To avoid confusion, let’s setup some definitions for the differences between Coders and Designers as we believe they relate to the business and art of Marketing, Branding and Communications (MBC). At the technical level, we’re talking about programmers whose work output is code – data structures, procedures, algorithms, accessibility. Designers are describing the things to code – views, paths, behavior and sequences of events. Both are problem solvers. Both are creative functions.

Yet coders are responsible for the ultimate success of the program. Designers are responsible for the success of the user who is using the program. Simply put, coders are about the technology. Designers are about the user. The best results are achieved when both work collaboratively to achieve a common goal – to make the best program.

At the MBC level, we distinguish between the coders and designers of digital marketing solutions and the designers of MBC solutions. For example, a good digital marketing resource will have both good coders (programmers) and good designers (web/app designers). In fact, good web/app designers have some commonality with good designers in MBC – the user and the user experience.

However, we believe the definition of a designer at the MBC level, not only includes responsibility for the user (customer/stakeholder) and their experience, but also for understanding the business model of the organization – its audiences, its competition, its culture, how it’s different, and how it makes money (or sustains itself if it’s a non-profit).

Further, a “designer” at the MBC level may also be responsible not only for visual design, but for content design and development. In other words, the scope of their responsibility is broader, and includes all forms of communications – including digital marketing. In fact, a designer at this level should collaborate with the web/app designer at the technical level, as much as the web/app designer collaborates with the coder.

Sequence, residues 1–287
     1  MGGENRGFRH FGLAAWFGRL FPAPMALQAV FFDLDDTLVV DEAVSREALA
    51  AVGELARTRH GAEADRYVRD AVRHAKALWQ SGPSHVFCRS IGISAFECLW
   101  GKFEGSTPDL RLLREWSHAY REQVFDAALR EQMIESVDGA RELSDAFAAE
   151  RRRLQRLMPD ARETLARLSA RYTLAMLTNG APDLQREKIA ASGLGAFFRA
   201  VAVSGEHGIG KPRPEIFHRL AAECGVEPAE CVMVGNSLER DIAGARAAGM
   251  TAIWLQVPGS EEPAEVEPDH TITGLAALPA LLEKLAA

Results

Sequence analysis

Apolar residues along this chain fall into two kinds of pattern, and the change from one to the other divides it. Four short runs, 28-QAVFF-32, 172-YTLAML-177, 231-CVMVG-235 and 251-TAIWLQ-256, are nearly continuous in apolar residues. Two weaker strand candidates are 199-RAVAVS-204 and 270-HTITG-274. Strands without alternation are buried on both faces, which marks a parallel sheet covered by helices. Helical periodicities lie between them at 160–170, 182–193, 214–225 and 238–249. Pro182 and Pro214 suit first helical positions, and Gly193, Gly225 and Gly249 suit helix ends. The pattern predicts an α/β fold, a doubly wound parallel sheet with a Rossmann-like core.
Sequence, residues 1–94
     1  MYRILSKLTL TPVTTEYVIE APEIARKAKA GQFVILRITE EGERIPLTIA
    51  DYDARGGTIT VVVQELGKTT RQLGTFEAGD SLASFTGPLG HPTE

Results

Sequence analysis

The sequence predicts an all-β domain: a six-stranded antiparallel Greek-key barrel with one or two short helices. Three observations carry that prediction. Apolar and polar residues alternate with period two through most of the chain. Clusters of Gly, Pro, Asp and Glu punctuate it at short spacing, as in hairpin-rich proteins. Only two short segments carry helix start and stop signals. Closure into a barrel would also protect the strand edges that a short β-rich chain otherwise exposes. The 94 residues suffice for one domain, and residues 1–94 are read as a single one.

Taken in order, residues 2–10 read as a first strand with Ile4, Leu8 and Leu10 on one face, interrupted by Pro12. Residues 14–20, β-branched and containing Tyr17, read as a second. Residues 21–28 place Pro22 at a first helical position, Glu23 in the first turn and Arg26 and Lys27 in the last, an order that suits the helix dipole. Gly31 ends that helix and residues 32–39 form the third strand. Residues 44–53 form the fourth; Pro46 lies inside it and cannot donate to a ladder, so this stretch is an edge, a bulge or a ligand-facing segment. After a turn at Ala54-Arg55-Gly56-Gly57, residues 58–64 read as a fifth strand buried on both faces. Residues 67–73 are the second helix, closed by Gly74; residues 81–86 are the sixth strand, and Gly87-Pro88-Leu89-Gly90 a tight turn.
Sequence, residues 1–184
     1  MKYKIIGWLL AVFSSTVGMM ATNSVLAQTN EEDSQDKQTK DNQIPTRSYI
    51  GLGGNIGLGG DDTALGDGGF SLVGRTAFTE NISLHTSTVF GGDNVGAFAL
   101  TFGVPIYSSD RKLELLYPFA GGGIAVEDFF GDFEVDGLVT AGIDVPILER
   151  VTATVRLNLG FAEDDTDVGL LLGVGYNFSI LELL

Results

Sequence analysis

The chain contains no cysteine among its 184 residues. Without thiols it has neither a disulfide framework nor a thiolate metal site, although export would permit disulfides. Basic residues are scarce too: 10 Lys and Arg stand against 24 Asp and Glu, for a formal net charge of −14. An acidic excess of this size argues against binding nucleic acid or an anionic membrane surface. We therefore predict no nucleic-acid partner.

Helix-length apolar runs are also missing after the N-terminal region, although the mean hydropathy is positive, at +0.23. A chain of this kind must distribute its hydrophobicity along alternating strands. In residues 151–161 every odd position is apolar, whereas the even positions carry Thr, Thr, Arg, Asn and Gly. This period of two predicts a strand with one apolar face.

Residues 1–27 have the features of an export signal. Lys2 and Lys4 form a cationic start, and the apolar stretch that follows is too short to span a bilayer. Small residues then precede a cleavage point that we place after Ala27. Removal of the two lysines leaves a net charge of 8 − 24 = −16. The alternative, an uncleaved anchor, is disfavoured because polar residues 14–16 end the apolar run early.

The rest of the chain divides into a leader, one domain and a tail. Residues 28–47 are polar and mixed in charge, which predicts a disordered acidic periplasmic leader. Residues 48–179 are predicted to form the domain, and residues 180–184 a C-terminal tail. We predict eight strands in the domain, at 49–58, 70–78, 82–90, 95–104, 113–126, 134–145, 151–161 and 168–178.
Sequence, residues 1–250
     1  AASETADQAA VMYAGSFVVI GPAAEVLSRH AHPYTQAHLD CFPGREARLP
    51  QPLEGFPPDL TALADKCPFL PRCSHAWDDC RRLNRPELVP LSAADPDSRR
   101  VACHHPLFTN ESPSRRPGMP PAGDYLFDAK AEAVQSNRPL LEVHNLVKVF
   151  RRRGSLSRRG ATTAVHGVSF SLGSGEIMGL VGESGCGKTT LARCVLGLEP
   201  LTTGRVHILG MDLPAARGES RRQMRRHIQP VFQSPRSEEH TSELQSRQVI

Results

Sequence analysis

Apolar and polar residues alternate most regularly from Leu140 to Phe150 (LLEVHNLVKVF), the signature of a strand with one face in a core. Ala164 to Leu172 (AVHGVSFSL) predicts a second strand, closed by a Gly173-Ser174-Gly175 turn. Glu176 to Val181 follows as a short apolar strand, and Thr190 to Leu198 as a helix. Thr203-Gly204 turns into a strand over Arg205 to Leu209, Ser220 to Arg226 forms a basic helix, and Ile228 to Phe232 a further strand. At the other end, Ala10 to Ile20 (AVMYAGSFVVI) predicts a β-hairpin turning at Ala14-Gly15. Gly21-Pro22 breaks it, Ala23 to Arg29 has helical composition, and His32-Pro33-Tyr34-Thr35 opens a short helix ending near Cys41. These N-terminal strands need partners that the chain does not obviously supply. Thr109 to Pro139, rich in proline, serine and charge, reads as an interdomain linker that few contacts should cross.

Here, the goal of the collaboration is not to make the best web/app, but to achieve the best MBC goal for the organization – using the web/app in concert with potentially many other activities (digital and non-digital tactics) that are part of an overall strategy.

Now, coders are not responsible for design any more than designers are responsible for technology. And, web/app designers are not any more responsible for an organization’s overall marketing strategy as MBC designers are responsible for code. Let the code warriors solve technology problems. Let the web/app designers solve user experience problems. Let MBC designers solve the bigger business messaging problems – along with content and direction that they will then implement across all communication channels, including digital marketing channels.

If we follow this practice – a best practice from our MBC perspective – then everyone is truly doing what they are best at doing and collaborating with each other to craft the best technology, user experience and messaging for their clients. As such, it’s an obvious rationale for why coders can’t design. It’s not in their responsibility, their skillset, and a gross misuse of their creative expertise.

Further, from the MBC perspective, digital marketing solutions like coding and web/app development should occur in collaboration with the MBC designer and only after the strategic MBC work has been done with the client. Otherwise, the business goal of the client will surely suffer. That’s why…


There is no app for what we doTM.